The prestigious Michelin star is one of the few accolades that deems a restaurant truly sensational. Some chefs work their entire career to attain a nod from the historic French guide, but for most Canadians in the culinary world, one can only dream of Michelin recognition. So, as we await the release of Michelin Guide New York City 2020 (15th edition) we must pose this question: why is Michelin ignoring Toronto?
In the last two years, we have seen an uptick in the number of Michelin-starred chefs setting up shop in Toronto, including outposts of Tokyo-based, Michelin-starred ramen joints Misoya and Konjiki Ramen; Don Alfonso 1890, the first North American location of the two-starred restaurant in Italy; and Masaki Saito’s eponymous omakase restaurant, whose chef left two-starred Sushi Ginza Onodera in New York City to establish Sushi Masaki Saito in Yorkville.
South Korean chef Akira Back, who was bestowed a star in 2018 for his Seoul restaurant Dosa, recently announced the opening of his second Toronto restaurant, Dasha.
With the emergent success of local restaurants and the attention of internationally recognized chefs, many prominent culinary voices have begun asking: could Toronto be ready for a Michelin Guide?
“I have heard rumours,” says chef Daniel Boulud. A two-star recipient for his restaurant Daniel in N.Y.C., the French chef opened Café Boulud Toronto in 2012. “I think Canada has been waiting too long to be on the world stage,” he says.
Jacob Richler, founder of Canada’s 100 Best Restaurants, says the rumours started about five years ago.
“The second [that Michelin] started moving into far markets, especially cities with which Toronto feels competitive, people started thinking, ‘Well, why not here?’ ” he says.
The first Michelin Guide was published in 1900 in France by André and Édouard Michelin, who founded the Michelin tire company. Back then, there were fewer than 3,000 automobiles in France, and the guide was launched as a way to encourage both car ownership and food tourism. (At the time, both pastimes were reserved for the ultra-wealthy).
In 2005, Michelin published its first American guide, for New York City. By 2008, Michelin had begun its Asia expansion, with guides in Tokyo, Hong Kong and Macao. But in recent years, this noble pursuit of rewarding restaurant excellence has come into question.
After the guide expanded into Seoul in 2016, it was reported that the Korean Tourism Organization pays over C$2.2 million annual payments to keep publishing the East Asian city’s guide. California received its first statewide guide earlier this year — after a reported USD$600,000 was invested in its tourism effort.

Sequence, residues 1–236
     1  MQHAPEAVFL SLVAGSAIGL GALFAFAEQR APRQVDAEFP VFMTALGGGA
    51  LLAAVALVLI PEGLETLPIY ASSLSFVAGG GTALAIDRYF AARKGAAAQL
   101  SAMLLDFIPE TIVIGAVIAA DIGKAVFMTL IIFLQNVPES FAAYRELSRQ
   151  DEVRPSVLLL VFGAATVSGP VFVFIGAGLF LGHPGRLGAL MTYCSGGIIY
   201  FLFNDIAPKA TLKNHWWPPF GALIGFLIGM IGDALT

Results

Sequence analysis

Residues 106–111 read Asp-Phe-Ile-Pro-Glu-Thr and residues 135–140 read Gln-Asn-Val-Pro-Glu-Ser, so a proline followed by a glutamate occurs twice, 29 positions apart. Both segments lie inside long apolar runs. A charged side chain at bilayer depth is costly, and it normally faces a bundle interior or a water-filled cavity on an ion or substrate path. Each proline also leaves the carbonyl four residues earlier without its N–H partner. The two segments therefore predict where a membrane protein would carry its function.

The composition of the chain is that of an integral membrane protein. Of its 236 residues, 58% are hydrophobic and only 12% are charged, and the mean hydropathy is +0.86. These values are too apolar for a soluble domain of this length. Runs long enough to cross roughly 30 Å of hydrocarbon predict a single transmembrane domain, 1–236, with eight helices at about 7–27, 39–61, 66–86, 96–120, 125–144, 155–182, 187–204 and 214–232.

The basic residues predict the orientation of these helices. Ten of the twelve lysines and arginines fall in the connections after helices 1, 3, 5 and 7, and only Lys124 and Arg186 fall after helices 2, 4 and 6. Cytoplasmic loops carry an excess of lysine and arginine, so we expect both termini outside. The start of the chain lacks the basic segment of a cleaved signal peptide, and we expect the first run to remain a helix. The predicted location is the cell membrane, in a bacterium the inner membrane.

“Apparently, we can’t afford to clear snow off the streets in wintertime or build a decent subway system,” says Richler about Toronto, “Do you think we need to give a million dollars to a foreign publisher to tell us our restaurants aren’t as good as other large cities? It doesn’t make a lot of sense to me.”
Both Destinations Canada and Tourism Toronto have confirmed they have not engaged in formal discussions with Michelin. But numbers suggest that investments similar to the one California made may be worth the estimated losses.
Tourism Toronto did confirm that “experiencing restaurants” is the top visitor activity sought by those arriving here by air. According to Destination Canada, in the first quarter of 2019, international visitors spent 38 per cent of their travel budget on food and beverage in Canada, totaling $1.6 billion, the highest amount spent in any category.
Visitors from the U.S. alone spent C$117 million in the GTA on food and beverage. The crown corporation is currently pursuing culinary tourism strategies with provincial and city partners, as well as international campaigns, such as World’s 50 Best Explores, to bring more food tourists to Canada.
With no confirmation of an official guide on the horizon, what drives Michelin-starred chefs to Toronto? For chef Saito, it was the chance to tap into a smaller market with fewer competitors.
“Although Toronto is located close to New York, it has a comparatively small restaurant market, with high expected value,” he says. “I’m here to change how Canadians see sushi.”
Although encouraging for high-flying chefs, our smaller market and cityscape may be the factor that holds us back from a guide of our own. After all, the star rating matters. When Michelin California launched, food-watchers in Los Angeles felt snubbed that the guide failed to award a three star rating on any restaurant in their city.
“Many would take it badly if Michelin were to do again here what they have already done elsewhere, and publish a guide without a single three-star restaurant in it,” says Richler.
According to Lauren McClure, a representative from Michelin, “The number one consideration before we go to any country is the importance of a thriving culinary scene.”
Chef Boulud believes there are many Michelin-worthy restaurants in this city, enthusiastically name-dropping Alo and Richmond Station, but struggles to name a restaurant worthy of the elusive three-star standing. Ultimately, he believes that the guide’s recognition shouldn’t make or break chefs — or the city they work in.
“You don’t get loyalty from being the most sought-after restaurant,” he says. “I don’t want to be bucket list only. I want to have a restaurant where customers come back because they love the hospitality we provide, the food we provide, the consistency. Not every three-star restaurant can create loyalty with their customers,” says Boulud.